In another study an amorphous precipitate was also found for super-SNEDDS containing the antimalarial drug halofantrine [12]. The precipitation during in vitro lipolysis was not reflected in a reduced bioavailability. These results emphasize the need to investigate the solid state properties of precipitates generated during in vitro lipolysis.

Implications of the study

The studies have shown the feasibility of super-SNEDDS containing increased drug loads without compromising bioavailability. Moreover, previous concerns about drug precipitation need to be revised. The use of solid-state techniques has proven complementary to in vitro lipolysis and should be used routinely for the characterization of lipid-based drug delivery systems.


[1] A. Dahan, A. Hoffmann, The effect of different lipid based formulations on the oral absorption of lipophilic drugs: The ability of in vitro lipolysis and consecutive ex vivo intestinal permeability data to predict in vivo bioavailability in rats, Eur. J. Pharm. Biopharm., 67 (2007) 96-105, doi:10.1016/j.ejpb.2007.01.017.

[2] T. Gershanik, S. Benita, Self-dispersing lipid formulations for improving oral absorption of lipophilic drugs, Eur. J. Pharm. Biopharm., 50 (2000) 179-188, doi:10.1016/S0939-6411(00)00089-8.

[3] C.W. Pouton, Lipid formulations for oral administration of drugs: Non-emulsifying, self-emulsifying and 'self-microemulsifying'  drug delivery systems, Eur. J. Pharm. Sci., 11 (2000) S93-S98, doi:10.1016/S0928-0987(00)00167-6

[4] N. Thomas, R. Holm, T. Rades, A. Müllertz, Characterising lipid lipolysis and its implication in lipid-based formulation development, The AAPS Journal, 14 (2012) 860-871, doi:10.1208/s12248-012-9398-6.

[5] D.B. Warren, H. Benameur, C.J.H. Porter, C.W. Pouton, Using polymeric precipitation inhibitors to improve the absorption of poorly water-soluble drugs: A mechanistic basis for utility, J. Drug Target., 18 (2011) 704-731, doi:10.3109/1061186X.2010.525652.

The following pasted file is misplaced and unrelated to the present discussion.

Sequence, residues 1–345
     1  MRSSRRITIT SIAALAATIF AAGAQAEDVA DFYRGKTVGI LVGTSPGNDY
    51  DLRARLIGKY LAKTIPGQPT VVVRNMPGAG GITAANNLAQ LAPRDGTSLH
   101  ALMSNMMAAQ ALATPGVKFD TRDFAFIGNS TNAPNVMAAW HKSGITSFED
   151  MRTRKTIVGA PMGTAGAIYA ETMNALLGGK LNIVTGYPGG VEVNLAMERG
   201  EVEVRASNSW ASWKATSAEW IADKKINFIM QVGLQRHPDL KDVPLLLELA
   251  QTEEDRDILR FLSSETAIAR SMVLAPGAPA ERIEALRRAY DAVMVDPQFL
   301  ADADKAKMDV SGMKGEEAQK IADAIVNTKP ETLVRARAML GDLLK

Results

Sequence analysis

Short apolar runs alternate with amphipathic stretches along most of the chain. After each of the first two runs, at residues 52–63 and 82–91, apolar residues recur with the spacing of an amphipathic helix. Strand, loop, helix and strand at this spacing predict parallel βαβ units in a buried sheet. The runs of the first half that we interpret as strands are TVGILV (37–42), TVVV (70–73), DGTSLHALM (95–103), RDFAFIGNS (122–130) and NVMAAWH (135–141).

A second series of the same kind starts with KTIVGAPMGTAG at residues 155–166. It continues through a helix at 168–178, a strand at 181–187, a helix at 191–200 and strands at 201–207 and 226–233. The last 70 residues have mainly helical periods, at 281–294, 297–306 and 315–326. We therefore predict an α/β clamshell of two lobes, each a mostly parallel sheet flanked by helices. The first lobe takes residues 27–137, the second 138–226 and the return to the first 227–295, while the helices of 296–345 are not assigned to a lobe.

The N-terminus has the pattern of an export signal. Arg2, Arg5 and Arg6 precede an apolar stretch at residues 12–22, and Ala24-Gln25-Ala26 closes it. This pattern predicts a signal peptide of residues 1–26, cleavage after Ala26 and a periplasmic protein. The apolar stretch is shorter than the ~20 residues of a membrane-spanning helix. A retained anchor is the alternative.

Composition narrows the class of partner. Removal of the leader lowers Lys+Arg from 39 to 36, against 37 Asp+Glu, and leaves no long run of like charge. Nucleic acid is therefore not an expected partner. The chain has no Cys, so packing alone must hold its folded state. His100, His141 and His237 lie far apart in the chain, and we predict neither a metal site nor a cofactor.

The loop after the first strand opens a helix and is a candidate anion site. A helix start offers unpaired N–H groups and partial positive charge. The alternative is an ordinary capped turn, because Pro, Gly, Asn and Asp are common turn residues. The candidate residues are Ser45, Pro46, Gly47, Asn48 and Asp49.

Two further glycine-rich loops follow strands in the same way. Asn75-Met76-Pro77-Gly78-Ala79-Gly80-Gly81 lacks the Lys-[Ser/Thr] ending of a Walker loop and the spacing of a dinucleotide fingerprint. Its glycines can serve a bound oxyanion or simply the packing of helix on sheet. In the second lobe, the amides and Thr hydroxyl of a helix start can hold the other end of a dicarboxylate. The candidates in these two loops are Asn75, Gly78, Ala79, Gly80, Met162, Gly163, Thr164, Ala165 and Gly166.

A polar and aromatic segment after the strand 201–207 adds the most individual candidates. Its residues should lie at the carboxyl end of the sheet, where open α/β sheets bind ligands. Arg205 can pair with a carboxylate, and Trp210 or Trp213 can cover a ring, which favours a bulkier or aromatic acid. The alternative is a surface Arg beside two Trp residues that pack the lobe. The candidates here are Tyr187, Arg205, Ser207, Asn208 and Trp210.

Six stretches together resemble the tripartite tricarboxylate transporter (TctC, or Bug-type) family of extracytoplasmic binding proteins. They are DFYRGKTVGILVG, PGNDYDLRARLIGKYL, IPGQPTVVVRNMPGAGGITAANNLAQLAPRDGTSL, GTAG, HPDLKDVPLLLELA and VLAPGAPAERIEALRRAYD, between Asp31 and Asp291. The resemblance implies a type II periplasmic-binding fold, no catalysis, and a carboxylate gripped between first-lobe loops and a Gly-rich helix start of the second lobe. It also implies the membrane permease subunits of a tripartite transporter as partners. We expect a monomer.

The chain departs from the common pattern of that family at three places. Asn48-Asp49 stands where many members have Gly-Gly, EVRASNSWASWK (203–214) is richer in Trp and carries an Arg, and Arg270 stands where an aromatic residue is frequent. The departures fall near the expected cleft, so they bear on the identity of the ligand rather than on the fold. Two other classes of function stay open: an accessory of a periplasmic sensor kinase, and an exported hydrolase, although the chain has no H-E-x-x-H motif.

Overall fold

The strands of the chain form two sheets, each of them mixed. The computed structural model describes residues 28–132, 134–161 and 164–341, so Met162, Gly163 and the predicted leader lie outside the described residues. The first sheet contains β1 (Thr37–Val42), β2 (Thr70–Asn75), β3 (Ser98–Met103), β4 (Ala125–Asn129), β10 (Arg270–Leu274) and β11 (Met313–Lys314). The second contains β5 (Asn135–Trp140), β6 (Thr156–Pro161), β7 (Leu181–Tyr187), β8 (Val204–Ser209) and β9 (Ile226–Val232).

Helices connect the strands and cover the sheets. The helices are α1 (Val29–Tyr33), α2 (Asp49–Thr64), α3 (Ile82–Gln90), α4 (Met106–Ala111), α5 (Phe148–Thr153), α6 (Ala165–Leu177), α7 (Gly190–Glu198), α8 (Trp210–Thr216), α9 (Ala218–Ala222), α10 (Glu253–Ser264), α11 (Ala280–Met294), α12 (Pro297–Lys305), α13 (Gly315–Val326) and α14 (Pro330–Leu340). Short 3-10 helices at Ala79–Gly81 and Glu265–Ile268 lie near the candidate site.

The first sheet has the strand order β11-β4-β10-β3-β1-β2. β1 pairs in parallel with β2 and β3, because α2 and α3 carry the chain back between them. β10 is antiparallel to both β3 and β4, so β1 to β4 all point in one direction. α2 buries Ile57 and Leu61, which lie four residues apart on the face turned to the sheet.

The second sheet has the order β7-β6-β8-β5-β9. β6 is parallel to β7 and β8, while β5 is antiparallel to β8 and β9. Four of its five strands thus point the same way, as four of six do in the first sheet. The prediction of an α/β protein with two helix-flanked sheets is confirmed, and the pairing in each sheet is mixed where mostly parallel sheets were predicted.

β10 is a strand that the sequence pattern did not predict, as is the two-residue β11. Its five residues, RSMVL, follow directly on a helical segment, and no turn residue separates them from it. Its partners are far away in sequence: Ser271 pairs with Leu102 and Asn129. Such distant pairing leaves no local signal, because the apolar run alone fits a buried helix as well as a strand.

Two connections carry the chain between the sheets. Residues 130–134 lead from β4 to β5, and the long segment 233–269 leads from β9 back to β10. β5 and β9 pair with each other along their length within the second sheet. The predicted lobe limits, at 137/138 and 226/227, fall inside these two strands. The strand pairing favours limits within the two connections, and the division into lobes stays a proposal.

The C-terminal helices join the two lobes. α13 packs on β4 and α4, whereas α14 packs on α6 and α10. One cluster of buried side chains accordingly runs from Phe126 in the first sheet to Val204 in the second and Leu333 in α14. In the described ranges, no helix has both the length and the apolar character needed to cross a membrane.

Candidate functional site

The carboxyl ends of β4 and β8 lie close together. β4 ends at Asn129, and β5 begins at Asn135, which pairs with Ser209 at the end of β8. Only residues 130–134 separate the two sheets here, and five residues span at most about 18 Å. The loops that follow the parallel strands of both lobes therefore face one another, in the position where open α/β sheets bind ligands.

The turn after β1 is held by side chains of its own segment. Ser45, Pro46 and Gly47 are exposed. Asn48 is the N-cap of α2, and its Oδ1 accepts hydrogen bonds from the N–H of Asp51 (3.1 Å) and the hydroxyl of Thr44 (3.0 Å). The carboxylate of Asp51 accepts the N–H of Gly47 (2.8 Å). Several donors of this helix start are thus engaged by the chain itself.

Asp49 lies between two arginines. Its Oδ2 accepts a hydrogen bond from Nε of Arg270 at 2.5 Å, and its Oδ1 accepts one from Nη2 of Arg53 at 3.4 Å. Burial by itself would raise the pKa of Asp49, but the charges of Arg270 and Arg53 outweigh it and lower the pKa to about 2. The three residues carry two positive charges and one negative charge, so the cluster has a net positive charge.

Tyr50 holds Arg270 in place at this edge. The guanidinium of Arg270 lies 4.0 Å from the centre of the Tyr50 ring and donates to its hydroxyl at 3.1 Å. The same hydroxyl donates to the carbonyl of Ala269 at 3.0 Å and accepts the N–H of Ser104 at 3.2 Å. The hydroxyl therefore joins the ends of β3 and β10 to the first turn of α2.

[6] C.J.H. Porter, N.L. Trevaskis, W.N. Charman, Lipids and lipid-based formulations: Optimizing the oral delivery of lipophilic drugs, Nat. Rev. Drug Discovery, 6 (2007) 231-248, doi:10.1038/nrd2197.

[7] C.J.H. Porter, W.N. Charman, In vitro assessment of oral lipid based formulations, Adv. Drug Delivery. Rev., 50 (2001) S127-S147, doi:10.1016/S0169-409X(01)00182-X

[8] P.J. Sassene, M.M. Knopp, J.Z. Hesselkilde, V. Koradia, A. Larsen, T. Rades, A. Müllertz, Precipitation of a poorly soluble model drug during in vitro lipolysis: Characterization and dissolution of the precipitate, J. Pharm. Sci., 99 (2010) 4982-4991, doi:10.1002/jps.22226.

[9] N.H. Zangenberg, A. Müllertz, H.G. Kristensen, L. Hovgaard, A dynamic in vitro lipolysis model: I.Controlling the rate of lipolysis by continuous addition of calcium, Eur. J. Pharm. Sci., 14 (2001) 115-122, doi:10.1016/S0928-0987(01)00169-5.

[10] N.H. Zangenberg, A. Müllertz, H.G. Kristensen, L. Hovgaard, A dynamic in vitro lipolysis model: II: Evaluation of the model, Eur. J. Pharm. Sci., 14 (2001) 237-244, doi:10.1016/S0928-0987(01)00182-8

[11] N. Thomas, R. Holm, M. Garmer, J.J. Karlsson, A. Müllertz, T. Rades, Supersaturated self-nanoemulsifying drug delivery systems (super-SNEDDS) enhance the bioavailability of the poorly water-soluble drug simvastatin in dogs, The AAPS Journal, 15 (2013) 219-227, doi:10.1208/s12248-012-9433-7.

[12] N. Thomas, R. Holm, A. Müllertz, T. Rades, In vitro and in vivo performance of novel supersaturated self-nanoemulsifying drug delivery systems (super-SNEDDS), J. Controlled Release, 160 (2012) 25-32, doi:10.1016/j.jconrel.2012.02.027.

PSSRC Facilities

The group of Prof Thomas Rades in Copenhagen has extensive experience in solid state characterization of drugs. The group's knowledge has recently been complemented by the expertise of A/Prof Anette Müllertz in the field of biopharmaceutics of lipid-based drug delivery systems. The combination of physical chemistry with the formulation of novel dosage forms underpins the group's translational approach to research. Micro-dissolution testing, in vitro lipolysis, and access to animal facilities complete solid state equipment such as high-throughput stage XRPD.